United States District Court, District of Columbia
MEMORANDUM AND ORDER
N. MCFADDEN UNITED STATES DISTRICT JUDGE.
negligence case arises out of an auto accident in northeast
Washington, D.C. Chad Grams' tractor trailer collided
with a car driven by Byron Greene at the intersection of
Benning Road and Maryland Avenue. Mr. Grams' employer,
USA Truck, Inc., admits that he was acting within the scope
of his employment at the time of the accident and now moves
for summary judgment on Mr. Greene's direct negligence
claims against the company. Mr. Greene, however, seeks to
amend his Complaint to add punitive damages against both
Defendants, citing Mr. Grams' poor driving record. For
the reasons stated below, the Court will grant the
Defendants' Motion for Summary Judgment and deny Mr.
Greene's Motion to Amend.
Greene stopped at a red light at the intersection of Benning
Road NE and Maryland Avenue NE on the evening of March 30,
2016. Compl. ¶ 7, ECF No. 1-1. When the light turned green,
he entered the intersection heading westbound. Id.
¶ 8. Meanwhile, Mr. Grams was driving his tractor
trailer northbound on Maryland Avenue towards the
intersection. Id. ¶ 9. Mr. Grams failed to stop
as his light changed from yellow to red, and the two vehicles
collided. Id.; see also Grams Dep. at 13,
ECF No. 23-1.
Greene sued, claiming that he had permanent physical and
emotional injuries from the accident. He brought a simple
negligence claim against Mr. Grams. Compl. ¶ 32. He also
alleged that USA Truck was vicariously liable for Mr.
Grams' negligence. Id. ¶ 33. USA Truck
admits that Mr. Grams caused the accident while acting within
the scope of his employment. Answer at 1, ECF No. 8. Mr.
Greene also asserted direct negligence claims against USA
Truck for negligent entrustment and negligent hiring,
training, and supervision. Compl. ¶¶ 34-35.
was not Mr. Grams' first strike as a driver, and Mr.
Greene cites Mr. Grams' driving record and criminal
history to justify amending his Complaint to add claims for
punitive damages against Mr. Grams and USA Truck.
See Pl.'s Mot. to Amend (“Mot. to
Amend”) at 1- 2, ECF No. 23. But as explained below,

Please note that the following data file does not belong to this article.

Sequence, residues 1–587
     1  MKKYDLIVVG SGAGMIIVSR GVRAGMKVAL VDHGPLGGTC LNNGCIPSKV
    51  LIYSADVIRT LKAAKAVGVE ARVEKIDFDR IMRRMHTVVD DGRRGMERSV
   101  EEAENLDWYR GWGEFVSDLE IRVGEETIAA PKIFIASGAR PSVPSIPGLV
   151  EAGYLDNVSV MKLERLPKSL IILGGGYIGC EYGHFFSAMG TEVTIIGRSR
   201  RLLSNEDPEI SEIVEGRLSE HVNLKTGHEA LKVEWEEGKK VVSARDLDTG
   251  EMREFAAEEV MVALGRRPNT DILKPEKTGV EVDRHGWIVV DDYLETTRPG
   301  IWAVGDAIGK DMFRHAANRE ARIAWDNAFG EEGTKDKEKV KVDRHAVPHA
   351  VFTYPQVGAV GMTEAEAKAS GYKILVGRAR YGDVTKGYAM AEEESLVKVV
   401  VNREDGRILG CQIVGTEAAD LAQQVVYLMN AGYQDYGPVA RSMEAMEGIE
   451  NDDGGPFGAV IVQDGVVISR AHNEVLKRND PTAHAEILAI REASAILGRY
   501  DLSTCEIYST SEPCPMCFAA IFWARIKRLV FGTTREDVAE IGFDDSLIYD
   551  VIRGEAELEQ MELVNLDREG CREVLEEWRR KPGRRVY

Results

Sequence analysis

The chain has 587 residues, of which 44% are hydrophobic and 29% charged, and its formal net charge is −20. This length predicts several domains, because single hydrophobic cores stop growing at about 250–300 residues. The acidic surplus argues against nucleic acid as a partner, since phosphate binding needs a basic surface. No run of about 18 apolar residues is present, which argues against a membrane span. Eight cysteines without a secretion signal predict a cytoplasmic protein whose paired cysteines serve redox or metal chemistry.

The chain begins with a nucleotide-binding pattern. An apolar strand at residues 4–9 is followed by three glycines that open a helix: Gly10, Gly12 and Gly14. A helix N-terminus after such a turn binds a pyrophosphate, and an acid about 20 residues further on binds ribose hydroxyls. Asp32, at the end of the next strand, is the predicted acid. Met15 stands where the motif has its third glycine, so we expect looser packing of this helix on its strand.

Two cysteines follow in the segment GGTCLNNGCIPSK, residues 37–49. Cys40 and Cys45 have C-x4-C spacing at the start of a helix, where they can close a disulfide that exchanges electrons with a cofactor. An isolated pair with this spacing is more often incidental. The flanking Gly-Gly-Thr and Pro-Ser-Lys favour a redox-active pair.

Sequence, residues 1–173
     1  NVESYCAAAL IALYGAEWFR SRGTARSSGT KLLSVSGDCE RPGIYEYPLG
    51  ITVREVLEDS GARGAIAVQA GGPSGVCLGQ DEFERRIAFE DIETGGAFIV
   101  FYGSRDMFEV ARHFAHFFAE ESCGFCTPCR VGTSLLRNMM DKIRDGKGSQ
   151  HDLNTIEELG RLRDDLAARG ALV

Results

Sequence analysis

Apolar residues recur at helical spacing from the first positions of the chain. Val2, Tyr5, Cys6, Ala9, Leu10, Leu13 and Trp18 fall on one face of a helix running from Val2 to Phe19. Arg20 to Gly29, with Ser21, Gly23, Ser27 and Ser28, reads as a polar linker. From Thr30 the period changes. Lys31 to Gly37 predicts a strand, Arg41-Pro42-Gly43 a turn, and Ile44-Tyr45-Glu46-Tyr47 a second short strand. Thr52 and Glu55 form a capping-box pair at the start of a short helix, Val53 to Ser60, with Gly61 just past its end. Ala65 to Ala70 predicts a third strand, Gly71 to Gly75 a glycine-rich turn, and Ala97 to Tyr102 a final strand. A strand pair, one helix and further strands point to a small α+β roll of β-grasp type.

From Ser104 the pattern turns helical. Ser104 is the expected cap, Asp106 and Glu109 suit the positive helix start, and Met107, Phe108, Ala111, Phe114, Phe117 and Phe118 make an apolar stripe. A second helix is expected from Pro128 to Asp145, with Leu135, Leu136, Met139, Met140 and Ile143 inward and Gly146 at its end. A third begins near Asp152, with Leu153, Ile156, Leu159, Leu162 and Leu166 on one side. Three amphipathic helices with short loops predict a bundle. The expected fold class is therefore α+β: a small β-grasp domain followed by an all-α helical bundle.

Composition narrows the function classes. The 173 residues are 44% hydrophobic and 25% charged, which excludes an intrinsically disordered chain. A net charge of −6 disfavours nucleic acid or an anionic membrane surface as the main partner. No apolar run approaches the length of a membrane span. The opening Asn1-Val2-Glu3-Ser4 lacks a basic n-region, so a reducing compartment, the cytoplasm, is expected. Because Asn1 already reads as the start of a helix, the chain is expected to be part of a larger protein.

Mr. Greene's proposed amendment is futile. Meanwhile, USA
Truck seeks summary judgment on Mr. Greene's direct
negligence claims. Mot. for Partial Summ. J. at 1-2, ECF No.
24. It argues that because it has admitted that Mr. Grams was
its agent at the time of the accident, Mr. Greene's
direct negligence claims are duplicative and unnecessary.
judgment may be granted only if “the movant shows that
there is no genuine dispute as to any material fact and the
movant is entitled to judgment as a matter of law.”
Fed.R.Civ.P. 56(a); Anderson v. Liberty Lobby, Inc.,
477 U.S. 242, 247-48 (1986). A fact is “material”
if it can affect the substantive outcome of the litigation.
Liberty Lobby, 477 U.S. at 248. And a dispute is
“genuine” if the evidence is such that a
reasonable jury could return a verdict for the nonmoving
party. Id. In making that determination, the Court
must view the evidence in the light most favorable to the
nonmoving party, draw all inferences in its favor, and avoid
making credibility determinations or weighing the evidence.
Calhoun v. Johnson, 632 F.3d 1259, 1261 (D.C. Cir.
Defendants are entitled to summary judgment on Mr.
Greene's direct negligence claims against USA
Truck. USA Truck admits that it is vicariously
liable for Mr. Grams' negligence. Answer at 1. Under the
“McHaffie Rule, ” when an employer
acknowledges vicarious liability for its employee's
negligence, a plaintiff's direct claims against the
employer are barred. See McHaffie v. Bunch, 891
S.W.2d 822, 826 (Mo. 1995); see also Ferrer v.
Okbamicael, 390 P.3d 836, 843-44 (Colo. 2017)
rule originates from Houlihan v. McCall, 78 A.2d 661
(Md. 1951). See Ferrer, 390 P.3d at 842. The facts
of Houlihan foreshadow this case. A truck driver
collided with the plaintiffs' car at an intersection.
Houlihan, 78 A.2d at 662-63. The plaintiffs sued
both the truck driver and his employer for negligence, and
they sued the employer for negligent hiring, citing the truck
driver's poor driving record. See Id. at 664.
The employer acknowledged an agency relationship with the
truck driver before trial, but the trial court still allowed
the plaintiffs to enter evidence about the truck driver's
past infractions. Id. at 664-65.
highest court determined that, because the employer had
admitted the truck driver was its agent, “it was quite
unnecessary to pursue the alternative theory [of direct
negligence] in order to hold the corporate defendant
[liable].” Id. at 665. So it reversed the
trial court's decision to admit evidence of the
driver's driving record, concluding that where an
employer admits agency, an employee's driving record
“can serve no purpose except to inflame the
jury.” Id. at 666.
sure, some jurisdictions have adopted a different rule. They
allow plaintiffs to hold an employer “liable for
injuries caused by it own independent negligence . . .
and, at the same time, under the doctrine of
respondeat superior for the injuries cause by its
employee's negligent behavior.” MV Transp.,
Inc. v. Allgeier, 433 S.W.3d 324, 335 (Ky. 2014)
(emphasis in original). Those courts reason that
“[j]ust as an employee can act to cause another's
injury . . . so can an employer be independently liable in
tort.” See James v. Kelly Trucking Co., 661
S.E.2d 329, 330 (S.C. 2008)
D.C. Court of Appeals would likely follow
Houlihan's reasoning. Other federal courts in
this Circuit have reached the same conclusion. See, e.g.,
Hackett v. Wash. Metro. Area Transit Auth., 736 F.Supp.
8, 9-11 (D.D.C. 1990). “Where there is no D.C. common
law on point, the courts of this jurisdiction are instructed
to ‘look to the law of Maryland for guidance'
because D.C. common law is based on Maryland common
law.” Smith v. Summers, 334 F.Supp.3d 339, 342
(D.D.C. 2018) (quoting Conesco ...